How to resize a Xen and KVM image?

Resize Xen Image

The steps to resize a xen image are as following:

  1. Enlarge image file.

(Put a chunk(maybe 1mb) at the end of image with new size in order to get the real space.)

  1. Resize file system.
  2. Validate file system.
Resize a xen image to 10GB, sample image: gentoo.img
dd if=/dev/zero of=gentoo.img bs=1024k count=1 seek=10k
resize2fs gentoo.img 10G
e2fsck -pf gentoo.img

Resize KVM Image

WARNNING! This script, resize kvm image, will modify the partition table of image file. Please backup your data before you try my script!

VM in xen uses image partition, like /dev/sda1, to be its root file system. But in KVM, VM need attach disk image to, like /dev/sda, and makes its partitions by itself. So we need to do three more steps to handle the layer between disk and partition.
Steps are as following:

  1. Enlarge image file.
  2. Modify partition table to fit new image size.

    Changing the partition table will not destroy your data. Reformating file system (mkfs) will. That sector start position of partition changes will.

  3. Map the partition to loop device.

    For touching the file system in partition.

  4. Resize file system.

  5. Validate file system.

  6. Remove the mapping between partition and loop device.

    Remember to detach the loop device

resize_kvm_image.sh
# usage: 

# for resize your image named gentoo.img to 10GB

# $ sh resize_kvm_image.sh gentoo.img 10


image=$1
gb=$2

# enlarge the size of image file

dd if=/dev/zero of=$image bs=1024k seek=${gb}k count=1

# re-create partition to fit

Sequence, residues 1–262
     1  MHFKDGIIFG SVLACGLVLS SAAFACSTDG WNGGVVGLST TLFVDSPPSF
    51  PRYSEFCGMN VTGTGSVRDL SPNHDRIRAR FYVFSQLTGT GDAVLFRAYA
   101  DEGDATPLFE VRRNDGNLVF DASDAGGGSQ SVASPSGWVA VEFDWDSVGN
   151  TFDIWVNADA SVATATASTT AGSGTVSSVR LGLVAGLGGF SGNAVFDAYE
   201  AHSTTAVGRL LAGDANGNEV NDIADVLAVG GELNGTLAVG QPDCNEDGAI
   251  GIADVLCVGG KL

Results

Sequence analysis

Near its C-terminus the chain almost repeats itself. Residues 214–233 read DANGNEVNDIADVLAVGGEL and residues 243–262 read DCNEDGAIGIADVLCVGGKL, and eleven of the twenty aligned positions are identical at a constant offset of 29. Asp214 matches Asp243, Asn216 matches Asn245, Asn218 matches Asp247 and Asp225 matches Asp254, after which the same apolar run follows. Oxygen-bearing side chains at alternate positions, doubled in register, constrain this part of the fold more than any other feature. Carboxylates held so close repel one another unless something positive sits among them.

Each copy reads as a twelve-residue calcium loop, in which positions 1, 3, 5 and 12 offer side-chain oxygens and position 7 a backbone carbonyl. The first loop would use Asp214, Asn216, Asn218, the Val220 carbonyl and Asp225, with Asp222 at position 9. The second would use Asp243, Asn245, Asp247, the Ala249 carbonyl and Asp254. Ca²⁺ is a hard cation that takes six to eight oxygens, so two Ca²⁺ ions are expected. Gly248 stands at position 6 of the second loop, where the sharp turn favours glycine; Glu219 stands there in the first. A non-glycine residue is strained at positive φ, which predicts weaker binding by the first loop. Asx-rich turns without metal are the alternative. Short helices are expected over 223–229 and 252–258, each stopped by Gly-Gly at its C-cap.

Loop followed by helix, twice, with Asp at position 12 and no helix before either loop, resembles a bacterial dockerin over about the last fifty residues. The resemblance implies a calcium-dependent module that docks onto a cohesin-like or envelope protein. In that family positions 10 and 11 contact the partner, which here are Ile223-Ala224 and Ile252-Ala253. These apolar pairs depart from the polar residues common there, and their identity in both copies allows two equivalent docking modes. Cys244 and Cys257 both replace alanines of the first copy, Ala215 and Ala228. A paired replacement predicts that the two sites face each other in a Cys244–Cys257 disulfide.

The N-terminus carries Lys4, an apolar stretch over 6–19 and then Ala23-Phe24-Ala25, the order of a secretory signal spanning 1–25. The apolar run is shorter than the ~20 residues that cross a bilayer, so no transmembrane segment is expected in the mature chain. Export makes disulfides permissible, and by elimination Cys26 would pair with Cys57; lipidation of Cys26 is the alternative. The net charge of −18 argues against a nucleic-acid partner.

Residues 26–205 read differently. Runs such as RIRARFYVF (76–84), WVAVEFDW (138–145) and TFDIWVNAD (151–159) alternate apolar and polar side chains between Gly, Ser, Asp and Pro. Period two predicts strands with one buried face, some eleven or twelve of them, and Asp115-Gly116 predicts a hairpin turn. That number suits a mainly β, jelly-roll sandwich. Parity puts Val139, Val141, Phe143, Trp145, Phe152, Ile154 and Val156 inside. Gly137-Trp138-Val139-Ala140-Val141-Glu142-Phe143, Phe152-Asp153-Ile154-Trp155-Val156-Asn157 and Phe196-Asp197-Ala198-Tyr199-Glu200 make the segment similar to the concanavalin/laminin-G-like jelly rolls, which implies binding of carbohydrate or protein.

echo "d
n
p
1


w
" | fdisk $image 

# map partition to a loop device

kpartx -a $image
last_device=`ls /dev/mapper/loop* | tail -n 1`

# adjust file system to fit partition size

e2fsck -f $last_device
resize2fs $last_device ${gb}G

# delete map, remove loop device mapping 

kpartx -d $image

in fdisk, type d means delete your old partition. type n means create new partition. type p means select primary type partition. type 1 means choose the partition number as 1. Double new line means its default resizing is from 2048 th sector(first return) to max sectors(second return) it can detect. type w means write changes to disk.

Note

  1. Using fdisk to delete and re-create partition doesn't destroy your data, except you change the sector start position of the partition.

  2. Partition tools make different partition sector start position. cfdisk uses 63 , parted uses 1 , and fdisk uses 2048 as start sector position. My script assumes you use fdisk to set up the VM image. Make sure your image prototype's start sector begins at 2048. (You can check the sector start position by typing fdisk $YOUR_IMAGE, then press p to print detail information.)

  3. In gentoo, please emerge sys-fs/multipath-tools to get kpartx tool. It map the partition inside your image file to loop device. Then you can resize the file system through /dev/mapper/loop{0~8}p1.

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